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Unformatted text preview: 8.2 All oustanding orders at a time t must arrive by time HI. and no order placed
after I can arrive by t+L. Therefore,_ the net stock at time t+L must be equal to
the inventory position at time rminus any demand x0 in t to r+L. Now the
inventory position at time ris s+j,j=1,2,..,,Q with probability IIQ (i) If pm(nolj) is the probability that the net stock at r+L takes on the value no given
an inventory position of s+j at rI then (n I j: ppo(s+j—nofL),s+j—n020
pm 0 J Ootherwise The expected onhand inventory, given the inventory position s+j is 181 fj = inoPMG‘o I "0‘0 = g(5+j'xo)Ppo(xo '37:.) In=0 Thus, Q11"? i=2— (s+j—no)ppo(xo IJ‘cL) using (1).
1:1 quD Furthermore, the probability that a particular demand required backordering is
equal to the probability that the net stock is zero or less. That is, a demand is not satisﬁed
prob given an inventory position = z pmmo l j)
s + j at time t ""‘m = :Ppobe I fit.) xo=s+j
Over all initial inVentory positions,
prob{a demand is not satisﬁed] = 2 lamb:a IEL)
i=1 xu=s+j The expected shortage costs per unit time are CI = (cost per shortage) * (expected demand per unit time) * prob {a demand is not satisﬁed} = ENDié :Ppob‘o 13;) i=1 xn=s+1 Expected total relevant costs per unit time are EIFC(S) = fvri C, 132 1 a; i=1 + Bny‘ i=1 ETRC(S +1) — ETRCU) = O a . = wﬁ i=1 => rippos(s+jta)=321) 1—] ) i
Q xo=s+j 1 :+' I
a;(+l)ppo(xo 13L)+ 0} E(S+j—xo)Ppo(xo Iii.) 19:0 :Ppooco IfI.) 1
+ semi—{— ppo(s + j I m}: 0 1=1 :Ppucs'i'le—EL) F1 3.8 ESPRC = 0.2(0) + (O.8)(8)Gu[ ESPR C
Q 0.02 = 6.4G“ [5 "840 ) /100 Gu["'340]=.3125 0—102): 5—40
8 194 J From Table GR(0.19) = .3125 "40 =0.19 s = 41.52 say 42 units b. SS = s — it, = 42 — 0.8(40) = 10 units 8.15 8.16 a. The total cost per year of the current item with standard deviation of lead time
demand = 100 is $871.78,_ from Problem 8.3. By reducing O'L to 70, there is no
change to the EOQ or to k. However, the reorder point 5 = 500 + 2.1300) = 649,
and the total cost using the formula given in the solution to Problem 8.3 reduces
to $685 .24, a saving of $186.54. This saving would continue until the underlying
parameters change again. Other factors include ease of forecasting, higher service
level, the possibility of using the new system for other items. So the minimum
the company would be willing to pay is $186, but they would probably pay
signiﬁcantly more because of the other factors. ZAD
vr EOQ = = 120 units. Air Alberta is using a B, shortage cost, so the safety factor is determined as in the
appendix to Chapter '7. Check that A = 5.32 >1 w/ZJIQVO'LI'
Thus set k = «Din 5.32 = 1.83 Hence 3 = J’EL +k0'L = 150+ 1.83(60) = 260 units. 13. The expected total relevant costs per year are Emc=%+{9+k0L }r+%mz(kl 2 Q (1) 193 c. He is right—there is a small drop in ETRC. The EOQ minimizes the sum of
replenishing and carrying costs. Increasing Q above the EOQ raises the total of 8.17 8.18 = 240+(60+110)4+ = $1027.527yr. these costs but also reduces Kl pﬂUc), and this reduction outweighs the increase (at ﬁrst). Check: Q = 1.05 EOQ = 126 units DB 1920 * 200 k = 1.80 (proceedingas in part a.) (0.0336) and ETRC = $1021.98/yr., a small reduction. a. Equation 8.3 shows that vn’D = 20 and D = 8, so use an order quantity of 1. Eq.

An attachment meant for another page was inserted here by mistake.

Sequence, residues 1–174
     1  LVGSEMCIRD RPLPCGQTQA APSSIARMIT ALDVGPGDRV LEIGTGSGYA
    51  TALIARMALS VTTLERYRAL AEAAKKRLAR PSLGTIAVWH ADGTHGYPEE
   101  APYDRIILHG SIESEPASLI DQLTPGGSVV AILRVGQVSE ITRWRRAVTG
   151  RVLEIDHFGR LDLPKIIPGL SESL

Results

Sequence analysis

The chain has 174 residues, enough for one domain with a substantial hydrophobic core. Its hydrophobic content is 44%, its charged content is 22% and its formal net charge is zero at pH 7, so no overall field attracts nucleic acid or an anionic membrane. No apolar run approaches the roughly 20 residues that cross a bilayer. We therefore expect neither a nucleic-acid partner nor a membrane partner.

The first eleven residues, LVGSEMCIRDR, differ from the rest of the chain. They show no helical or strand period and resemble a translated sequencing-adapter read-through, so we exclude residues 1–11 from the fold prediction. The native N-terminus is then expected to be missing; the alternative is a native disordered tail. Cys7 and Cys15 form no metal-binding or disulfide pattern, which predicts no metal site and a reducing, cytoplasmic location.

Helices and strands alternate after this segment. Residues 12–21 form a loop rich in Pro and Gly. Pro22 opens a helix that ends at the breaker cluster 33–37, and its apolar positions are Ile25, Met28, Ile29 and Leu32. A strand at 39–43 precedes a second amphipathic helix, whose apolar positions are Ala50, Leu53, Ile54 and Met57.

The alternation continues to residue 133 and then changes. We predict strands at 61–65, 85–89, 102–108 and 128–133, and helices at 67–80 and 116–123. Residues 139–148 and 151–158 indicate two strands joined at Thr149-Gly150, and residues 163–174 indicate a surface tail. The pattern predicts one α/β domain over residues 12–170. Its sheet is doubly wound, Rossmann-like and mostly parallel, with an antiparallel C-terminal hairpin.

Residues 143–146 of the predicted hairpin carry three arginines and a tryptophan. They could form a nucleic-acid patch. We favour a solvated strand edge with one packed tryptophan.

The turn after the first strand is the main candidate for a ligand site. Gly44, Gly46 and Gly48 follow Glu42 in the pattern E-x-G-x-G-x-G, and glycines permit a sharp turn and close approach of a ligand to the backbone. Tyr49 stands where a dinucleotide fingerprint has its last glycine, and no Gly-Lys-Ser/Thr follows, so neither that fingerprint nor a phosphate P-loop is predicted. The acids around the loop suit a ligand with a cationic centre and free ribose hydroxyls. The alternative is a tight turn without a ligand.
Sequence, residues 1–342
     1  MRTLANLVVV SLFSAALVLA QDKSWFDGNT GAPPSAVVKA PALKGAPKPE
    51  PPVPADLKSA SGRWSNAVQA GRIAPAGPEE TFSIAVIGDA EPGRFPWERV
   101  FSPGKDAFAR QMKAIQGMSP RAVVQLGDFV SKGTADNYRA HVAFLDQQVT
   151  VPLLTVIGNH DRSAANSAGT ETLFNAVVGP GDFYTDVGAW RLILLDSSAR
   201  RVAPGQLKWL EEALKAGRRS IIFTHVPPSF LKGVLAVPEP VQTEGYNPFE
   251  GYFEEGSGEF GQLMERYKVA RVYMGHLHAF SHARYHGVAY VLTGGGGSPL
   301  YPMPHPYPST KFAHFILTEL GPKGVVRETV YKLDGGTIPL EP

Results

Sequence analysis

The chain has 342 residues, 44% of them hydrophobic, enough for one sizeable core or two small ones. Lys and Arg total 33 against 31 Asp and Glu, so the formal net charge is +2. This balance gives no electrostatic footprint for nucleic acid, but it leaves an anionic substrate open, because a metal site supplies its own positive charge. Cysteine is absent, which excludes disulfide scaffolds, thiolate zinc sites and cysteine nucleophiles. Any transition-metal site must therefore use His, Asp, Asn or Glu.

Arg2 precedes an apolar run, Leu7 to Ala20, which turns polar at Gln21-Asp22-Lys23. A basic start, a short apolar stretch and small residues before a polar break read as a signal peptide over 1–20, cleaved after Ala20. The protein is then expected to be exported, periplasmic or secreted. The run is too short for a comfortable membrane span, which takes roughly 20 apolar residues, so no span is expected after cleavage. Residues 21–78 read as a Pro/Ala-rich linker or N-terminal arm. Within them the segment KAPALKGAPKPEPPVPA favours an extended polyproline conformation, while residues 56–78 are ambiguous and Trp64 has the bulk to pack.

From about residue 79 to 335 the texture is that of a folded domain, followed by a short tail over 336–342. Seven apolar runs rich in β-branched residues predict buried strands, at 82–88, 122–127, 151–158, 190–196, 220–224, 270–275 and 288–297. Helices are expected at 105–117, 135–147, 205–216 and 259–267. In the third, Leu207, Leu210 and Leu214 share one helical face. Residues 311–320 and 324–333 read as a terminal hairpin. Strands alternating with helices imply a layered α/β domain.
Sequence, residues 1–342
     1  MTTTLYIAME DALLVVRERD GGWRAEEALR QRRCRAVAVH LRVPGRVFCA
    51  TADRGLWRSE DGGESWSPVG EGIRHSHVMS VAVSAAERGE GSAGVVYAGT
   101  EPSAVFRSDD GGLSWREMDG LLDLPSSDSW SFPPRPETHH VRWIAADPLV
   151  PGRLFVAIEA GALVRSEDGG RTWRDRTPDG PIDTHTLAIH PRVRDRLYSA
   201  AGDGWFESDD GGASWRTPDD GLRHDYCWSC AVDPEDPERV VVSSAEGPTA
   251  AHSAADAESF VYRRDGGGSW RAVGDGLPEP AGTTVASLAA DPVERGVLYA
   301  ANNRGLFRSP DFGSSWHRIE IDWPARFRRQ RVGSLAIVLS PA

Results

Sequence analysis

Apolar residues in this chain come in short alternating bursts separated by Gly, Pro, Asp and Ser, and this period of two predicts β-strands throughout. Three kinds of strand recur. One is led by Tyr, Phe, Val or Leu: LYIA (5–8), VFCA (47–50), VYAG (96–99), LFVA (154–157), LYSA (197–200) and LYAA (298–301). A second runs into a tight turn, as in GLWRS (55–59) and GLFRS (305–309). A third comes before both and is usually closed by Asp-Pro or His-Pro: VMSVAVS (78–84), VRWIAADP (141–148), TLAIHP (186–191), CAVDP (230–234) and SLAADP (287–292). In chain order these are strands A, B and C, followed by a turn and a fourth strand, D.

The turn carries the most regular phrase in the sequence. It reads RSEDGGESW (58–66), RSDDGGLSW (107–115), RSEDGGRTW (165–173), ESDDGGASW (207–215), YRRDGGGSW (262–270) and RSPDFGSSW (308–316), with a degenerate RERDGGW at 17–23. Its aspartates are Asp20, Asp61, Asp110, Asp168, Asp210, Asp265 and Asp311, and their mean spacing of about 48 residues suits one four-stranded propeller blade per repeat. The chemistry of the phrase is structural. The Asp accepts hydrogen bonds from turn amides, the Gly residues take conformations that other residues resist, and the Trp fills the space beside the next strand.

8.4’s right hand side is 0.0521. The left hand side is 0.2353 when s = 0 and is 0.0349 when r = 1. Therefore the optimal s = 1. b. Chapter '1' methods yield an EOQ of 1 (rounded up). Qii’DB2 = 0.0521, as in part
a. So I: = 1.62 and s = 8(2 weeks)7'52 weeks per year + 1.62(0.55) = 1. The result is the same in this case. Beginning with the EOQ = 165, we iterate using the two equations in the problem.
Note that there is a slight error in the equation that should be pointed out to students: The numerator of the equation for Q should read 2(AD + DBzvolijD. This solution uses the correct formula. Iteration
1 2 3 G (k) Q
165.380
0.0971 172.901
0.1027 173.327
0.103 173.352
0.103 173.353
0.103 173.353 199 k 0.9186 0.88119 0.8861 0.8860 0.8860 0.8860 0.1792 0.1873 0.1878 0.1873 0.1878 0.1878 Therefore, Q = 173 and s = 32 + 0.886042) = 45. 8.19 a. With order quantity Q = 1, the inventory position is always equal to the value 5 +
1. If p;i (ho) is the probability that a backorder of size be is outstanding at a random point in time, then
px(s+1+bo),bo >0 = 3+1
p3(b0) sz(xo)rbo=0
15:0 where p, (x0) is the probability that the iead time demand takes on the value x0.
Hence the expected backorder of a random point in time is E(bo)= Zbap3(ba)
bad) i (x — (s +1))px(xo) xo=s+l 'b. Recall that the average stock on hand equals
Inventory position  Emuorder) + E(bo) =(s+1)+JT:L+E(bD) since Q = 1. Thus the expected total relevant costs as a function of s are 5mm) = [(s + 1) — 52L + 5(3)o )]vr + B3vE(bD) =(s+1)vr— am 3941+ r) 2(x—(s+1))px(xo) x°=s+l One is indifferent between reorder levels s and s+1 when 200 01' ETRC(s) _= ETRC(S +1) (5 +1)vr— iLvr + Bzv(1+ r) :(x — (s +1))px(xo) x°=s+l = (s + 2)vr  iLvr + Bzv(1+ r) i (x — (S + 2)),0; (x0) xn=c+2 which implies that ‘Bzv(1+r) i px(x0)=vr—232v(l+r) 2px(x0) xn=5+1 Xo=$+2
" vr
=> x x = ——
10:2,}: ( a) Bzv(1+ r)
=> P» (5 +1) r = Bz(l+r) ...
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 Spring '08
 Wilson
 inventory position, Total relevant costs, ETRC

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